Worry fall in competitiveness

WEF Index

India’s economic competitiveness is on the wane. For the third year in a row, India has fared poorly in the global competitiveness index, slipping 10 notches in the past year, putting paid to the Narendra Modi government’s full-throated campaign on restructuring the economy to make it competitive and kicking. The World Economic Forum’s competitiveness index report ranks India at a low 68 among 141 economies surveyed in 2019. In the last three years, India has slipped 29 places, sending ominous signals to both domestic and foreign investors. In the first three years of the Modi government, India had risen 32 places on the index. Given that the WEF ranking on competitiveness is regarded as one of the most comprehensive exercises, with 103 parameters gauged across 12 verticals, there’s every reason for the government to sit up and take note.

Though India has done well on innovation and expansion in market size, the weakest links may be the financial sector, which is characterised by a high level of non-performing assets, delinquencies and lack of confidence amongst all stakeholders, including those holding deposits with banks and financial institutions. Though the government has initiated measures to restructure the banking and financial sector to make the institutions viable, it has yet to evolve lasting and sustainable solutions. For instance, the exit route for a failed business is still very messy. Similarly, non-repayment of loans in the event of even genuine business failures is regarded as a crime, but wilful defaulters continue to play foul with banks at will.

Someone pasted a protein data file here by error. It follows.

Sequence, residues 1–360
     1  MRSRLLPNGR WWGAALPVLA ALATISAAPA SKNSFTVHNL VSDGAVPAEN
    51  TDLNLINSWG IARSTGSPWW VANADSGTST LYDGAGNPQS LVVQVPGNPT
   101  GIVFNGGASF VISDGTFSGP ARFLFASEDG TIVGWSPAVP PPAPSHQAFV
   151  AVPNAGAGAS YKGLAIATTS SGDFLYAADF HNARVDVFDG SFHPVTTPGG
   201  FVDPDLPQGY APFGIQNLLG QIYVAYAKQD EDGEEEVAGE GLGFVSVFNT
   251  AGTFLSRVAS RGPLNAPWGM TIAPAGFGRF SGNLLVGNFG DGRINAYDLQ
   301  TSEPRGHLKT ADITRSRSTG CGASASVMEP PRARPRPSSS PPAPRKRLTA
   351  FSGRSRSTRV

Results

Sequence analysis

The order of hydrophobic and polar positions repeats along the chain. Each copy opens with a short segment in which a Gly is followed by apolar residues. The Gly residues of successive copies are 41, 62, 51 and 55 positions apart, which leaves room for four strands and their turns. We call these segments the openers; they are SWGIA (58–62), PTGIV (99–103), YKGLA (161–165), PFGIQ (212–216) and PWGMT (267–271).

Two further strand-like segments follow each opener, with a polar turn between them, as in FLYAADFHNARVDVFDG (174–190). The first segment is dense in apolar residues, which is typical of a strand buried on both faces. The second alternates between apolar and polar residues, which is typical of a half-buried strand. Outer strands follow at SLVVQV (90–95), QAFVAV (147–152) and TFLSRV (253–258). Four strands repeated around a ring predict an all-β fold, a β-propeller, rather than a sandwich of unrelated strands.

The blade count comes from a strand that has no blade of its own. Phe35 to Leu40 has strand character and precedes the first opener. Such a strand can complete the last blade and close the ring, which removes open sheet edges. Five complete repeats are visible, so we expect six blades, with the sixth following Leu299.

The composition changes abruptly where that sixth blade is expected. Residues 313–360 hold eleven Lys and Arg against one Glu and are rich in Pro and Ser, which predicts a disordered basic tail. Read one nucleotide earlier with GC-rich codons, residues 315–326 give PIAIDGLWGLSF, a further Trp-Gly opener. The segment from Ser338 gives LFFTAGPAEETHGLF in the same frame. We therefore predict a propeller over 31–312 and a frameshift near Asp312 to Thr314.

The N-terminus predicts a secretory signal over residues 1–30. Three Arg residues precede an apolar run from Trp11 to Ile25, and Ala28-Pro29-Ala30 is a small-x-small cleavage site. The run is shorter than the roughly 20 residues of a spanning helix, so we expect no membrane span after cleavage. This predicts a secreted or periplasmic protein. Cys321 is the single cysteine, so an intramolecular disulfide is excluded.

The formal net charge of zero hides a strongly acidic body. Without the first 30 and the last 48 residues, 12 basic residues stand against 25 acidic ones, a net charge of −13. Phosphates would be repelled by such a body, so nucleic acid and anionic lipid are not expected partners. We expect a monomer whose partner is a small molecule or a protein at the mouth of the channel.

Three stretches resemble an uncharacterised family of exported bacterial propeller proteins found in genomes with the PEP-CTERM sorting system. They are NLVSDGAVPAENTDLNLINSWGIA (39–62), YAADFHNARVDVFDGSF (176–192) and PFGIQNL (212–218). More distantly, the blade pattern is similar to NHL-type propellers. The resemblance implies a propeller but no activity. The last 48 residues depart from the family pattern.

Prime Minister Modi’s government has never lost an opportunity to trumpet its purported success in facilitating ‘ease of doing business’. But then, the Modi regime’s ineptness in handling the economy has been on distinct display with the markets and the economy tumbling over the last few months. The WEF report also pointed to increasing insecurity among workers as a key parameter that pulled India down in the competitiveness index. In effect, the report vetoes the proposed labour market reforms that seek to make ‘hire and fire’ easy. Expanding the social security net, an assured minimum wage, healthcare facilities for both daily wagers and workers in permanent establishments are welcome. Providing workers secure opportunities, skilling and retraining are the key issues in labour reforms. Hence, working on both banking and labour issues to perk up the economy’s competitiveness should be priorities for the government. And, helping the industry make quality products and services at competitive prices for both the domestic and global markets should be the agenda.

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